While the National Collegiate Athletic Association (NCAA) landscape remains entwined with issues regarding compensation of student-athletes, another element of the debate reached a “foothold”…
U.S. District Court Judge Claudia Wilken (Oakland, CA) recently issued an injunction invalidating NCAA rules that prohibit student-athletes from being compensated for use of their names, images, and likenesses in television broadcasts and video games.
The decision is a win for certain student-athletes in the sense that it would allow football players in the top 10 conferences, and all Division I men’s basketball players, a limited share of the revenue generated by schools from the use of their likenesses.
However, there are aspects of the injunction that provide factors somewhat beneficial to the NCAA. Based on witness testimony and current NCAA rules, Judge Wilken determined that the NCAA and schools are allowed to cap the amount of money paid to college athletes while they are in enrolled in school; an eligible athlete must be paid at least $5,000 per year they are academically eligible, but schools do not have to necessarily pay more than that. Furthermore, the compensation will likely be deferred as schools are permitted to pay the funds to a trust, which would then be held until after an athlete’s eligibility ends or he graduates, whichever occurs sooner.
Former UCLA basketball player Ed O’Bannon had filed the class-action lawsuit on behalf of himself and other former college athletes against the NCAA, alleging that the NCAA’s prohibition on allowing student-athletes from receiving any compensation other than scholarships and the cost of attendance at schools violated federal antitrust laws.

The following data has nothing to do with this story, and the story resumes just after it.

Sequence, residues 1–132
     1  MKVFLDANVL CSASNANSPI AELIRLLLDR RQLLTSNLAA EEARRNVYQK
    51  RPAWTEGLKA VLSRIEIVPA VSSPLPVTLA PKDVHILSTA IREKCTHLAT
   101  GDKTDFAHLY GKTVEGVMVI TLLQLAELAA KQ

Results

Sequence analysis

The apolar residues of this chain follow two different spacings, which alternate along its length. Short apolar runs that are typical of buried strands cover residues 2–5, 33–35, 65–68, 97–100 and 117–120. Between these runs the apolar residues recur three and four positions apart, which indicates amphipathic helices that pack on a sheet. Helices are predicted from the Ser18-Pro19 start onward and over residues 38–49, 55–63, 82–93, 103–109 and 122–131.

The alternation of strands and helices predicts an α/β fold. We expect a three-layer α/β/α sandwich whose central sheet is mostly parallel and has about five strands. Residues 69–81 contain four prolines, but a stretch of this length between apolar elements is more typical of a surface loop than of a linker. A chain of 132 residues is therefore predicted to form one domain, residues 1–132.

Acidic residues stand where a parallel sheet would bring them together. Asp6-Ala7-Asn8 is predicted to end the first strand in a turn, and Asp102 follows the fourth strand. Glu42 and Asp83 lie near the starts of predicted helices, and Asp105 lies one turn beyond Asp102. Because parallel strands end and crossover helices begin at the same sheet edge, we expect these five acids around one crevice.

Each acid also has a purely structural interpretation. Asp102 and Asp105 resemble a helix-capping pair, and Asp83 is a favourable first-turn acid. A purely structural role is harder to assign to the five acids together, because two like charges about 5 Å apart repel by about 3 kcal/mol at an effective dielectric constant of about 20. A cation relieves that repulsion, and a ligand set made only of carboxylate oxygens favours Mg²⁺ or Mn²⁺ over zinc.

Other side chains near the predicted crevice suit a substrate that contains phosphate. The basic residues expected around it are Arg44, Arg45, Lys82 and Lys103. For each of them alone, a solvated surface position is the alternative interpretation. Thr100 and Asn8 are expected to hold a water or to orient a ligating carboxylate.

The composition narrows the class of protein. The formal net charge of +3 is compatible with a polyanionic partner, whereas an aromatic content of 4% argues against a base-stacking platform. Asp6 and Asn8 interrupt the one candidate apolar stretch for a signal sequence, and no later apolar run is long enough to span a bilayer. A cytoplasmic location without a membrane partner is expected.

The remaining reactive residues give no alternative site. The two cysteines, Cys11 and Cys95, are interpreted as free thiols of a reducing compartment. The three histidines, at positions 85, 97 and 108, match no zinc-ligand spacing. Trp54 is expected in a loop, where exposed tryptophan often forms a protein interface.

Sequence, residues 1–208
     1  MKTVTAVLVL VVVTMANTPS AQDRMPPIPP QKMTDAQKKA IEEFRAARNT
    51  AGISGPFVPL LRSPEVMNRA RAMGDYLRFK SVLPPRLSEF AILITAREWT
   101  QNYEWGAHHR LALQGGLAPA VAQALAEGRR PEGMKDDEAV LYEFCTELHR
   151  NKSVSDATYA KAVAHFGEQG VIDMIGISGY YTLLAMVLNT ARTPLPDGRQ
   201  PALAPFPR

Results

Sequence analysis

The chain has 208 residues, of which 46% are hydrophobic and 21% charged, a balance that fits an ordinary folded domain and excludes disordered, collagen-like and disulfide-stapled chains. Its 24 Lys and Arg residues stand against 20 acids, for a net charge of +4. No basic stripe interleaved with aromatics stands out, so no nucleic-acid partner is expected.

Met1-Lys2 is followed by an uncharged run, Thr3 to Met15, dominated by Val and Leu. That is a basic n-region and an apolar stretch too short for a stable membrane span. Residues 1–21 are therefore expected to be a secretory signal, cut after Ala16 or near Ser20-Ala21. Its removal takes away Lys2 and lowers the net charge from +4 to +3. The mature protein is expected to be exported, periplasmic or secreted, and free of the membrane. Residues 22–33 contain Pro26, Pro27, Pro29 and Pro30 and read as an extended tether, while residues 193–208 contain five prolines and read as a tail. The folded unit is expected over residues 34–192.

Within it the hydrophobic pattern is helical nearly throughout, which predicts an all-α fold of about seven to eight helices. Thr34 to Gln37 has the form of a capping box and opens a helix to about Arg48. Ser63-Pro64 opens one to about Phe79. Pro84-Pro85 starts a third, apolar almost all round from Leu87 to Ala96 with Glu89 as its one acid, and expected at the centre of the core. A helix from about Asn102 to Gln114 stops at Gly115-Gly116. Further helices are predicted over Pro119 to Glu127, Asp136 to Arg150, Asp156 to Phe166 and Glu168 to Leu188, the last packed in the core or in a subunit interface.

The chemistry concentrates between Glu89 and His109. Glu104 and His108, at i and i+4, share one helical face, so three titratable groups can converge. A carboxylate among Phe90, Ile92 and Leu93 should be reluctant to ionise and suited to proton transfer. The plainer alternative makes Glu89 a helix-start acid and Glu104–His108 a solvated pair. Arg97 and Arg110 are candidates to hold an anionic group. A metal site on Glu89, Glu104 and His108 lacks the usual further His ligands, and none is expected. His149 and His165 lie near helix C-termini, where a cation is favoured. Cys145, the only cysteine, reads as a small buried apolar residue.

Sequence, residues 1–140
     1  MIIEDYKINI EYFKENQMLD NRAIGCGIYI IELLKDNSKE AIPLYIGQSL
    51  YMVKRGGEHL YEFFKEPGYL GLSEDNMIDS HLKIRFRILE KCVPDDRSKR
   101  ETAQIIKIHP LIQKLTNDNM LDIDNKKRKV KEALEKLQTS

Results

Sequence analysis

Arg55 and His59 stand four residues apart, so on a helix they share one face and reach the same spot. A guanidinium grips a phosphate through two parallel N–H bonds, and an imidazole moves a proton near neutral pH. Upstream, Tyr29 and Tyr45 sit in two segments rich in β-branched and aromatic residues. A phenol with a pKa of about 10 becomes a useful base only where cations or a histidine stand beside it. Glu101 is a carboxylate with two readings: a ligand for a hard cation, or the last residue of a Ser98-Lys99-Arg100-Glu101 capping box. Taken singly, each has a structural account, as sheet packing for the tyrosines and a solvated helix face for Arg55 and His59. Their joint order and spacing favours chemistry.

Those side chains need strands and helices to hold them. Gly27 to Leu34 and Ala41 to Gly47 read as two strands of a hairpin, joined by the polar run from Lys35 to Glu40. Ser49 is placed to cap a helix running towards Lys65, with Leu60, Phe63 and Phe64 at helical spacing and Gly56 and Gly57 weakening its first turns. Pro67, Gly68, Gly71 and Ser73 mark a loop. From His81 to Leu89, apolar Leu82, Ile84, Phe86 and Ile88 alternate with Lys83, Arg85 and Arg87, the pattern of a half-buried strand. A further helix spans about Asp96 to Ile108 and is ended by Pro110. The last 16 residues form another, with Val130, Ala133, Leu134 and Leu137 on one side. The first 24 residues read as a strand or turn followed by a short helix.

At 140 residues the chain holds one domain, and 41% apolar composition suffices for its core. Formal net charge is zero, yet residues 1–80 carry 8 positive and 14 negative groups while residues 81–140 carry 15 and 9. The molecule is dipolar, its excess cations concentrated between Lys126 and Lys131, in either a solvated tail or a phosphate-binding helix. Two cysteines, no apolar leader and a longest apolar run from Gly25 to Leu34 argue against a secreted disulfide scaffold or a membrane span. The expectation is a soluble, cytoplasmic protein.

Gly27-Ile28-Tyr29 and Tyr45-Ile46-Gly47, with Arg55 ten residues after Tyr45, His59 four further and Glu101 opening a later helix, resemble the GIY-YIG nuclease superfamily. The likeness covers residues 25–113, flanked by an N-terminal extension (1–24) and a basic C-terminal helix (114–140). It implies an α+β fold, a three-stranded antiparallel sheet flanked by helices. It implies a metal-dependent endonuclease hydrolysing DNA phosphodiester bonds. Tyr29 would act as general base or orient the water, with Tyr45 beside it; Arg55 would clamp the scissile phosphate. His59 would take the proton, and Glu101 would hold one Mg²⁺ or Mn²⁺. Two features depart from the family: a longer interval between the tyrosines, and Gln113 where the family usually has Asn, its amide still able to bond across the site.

The NCAA traditionally required student-athletes to sign a form before participating in athletics, which gave the NCAA permission to use player images and likenesses to “promote NCAA championships or other NCAA events, activities or programs.” Because of this document, student-athletes had been unable to negotiate deals for the use of their likenesses, which the plaintiffs alleged was an unreasonable restraint on trade conspiring to fix the price for the use of athletes’ image and likeness at zero.
The injunction stops short of allowing athletes to receive money for endorsements, nor does it prevent the NCAA from creating rules that prohibit athletes from selling their name, image, and likeness rights individually. But Judge Wilkin’s ruling is certainly a battle won by the Ed O’Bannon plaintiffs in this continuing “war” with the NCAA over amateurism and legal rights of student-athletes.
An issue with the decision is that was confined “revenue sports” (football players in the top 10 conferences, and all Division I men’s basketball players). Thus, for the time being it remains up to the NCAA and the individual conferences and schools to determine how, or if at all, “non-revenue athletes” will be compensated for use of their likeness. “Non-revenue athletes” encompasses the remaining Division I, Division II, and Division III athletes, as well as female student-athletes. Application of Title IX, which requires equal opportunities and resources for all male and female athletes, is seemingly called into question if only certain athletes are able to be paid for to use of their likeness.
The ruling will not affect any recruit enrolled in college before July 1, 2016. The NCAA has announced that it will appeal the ruling.
Authored by CJ Stroh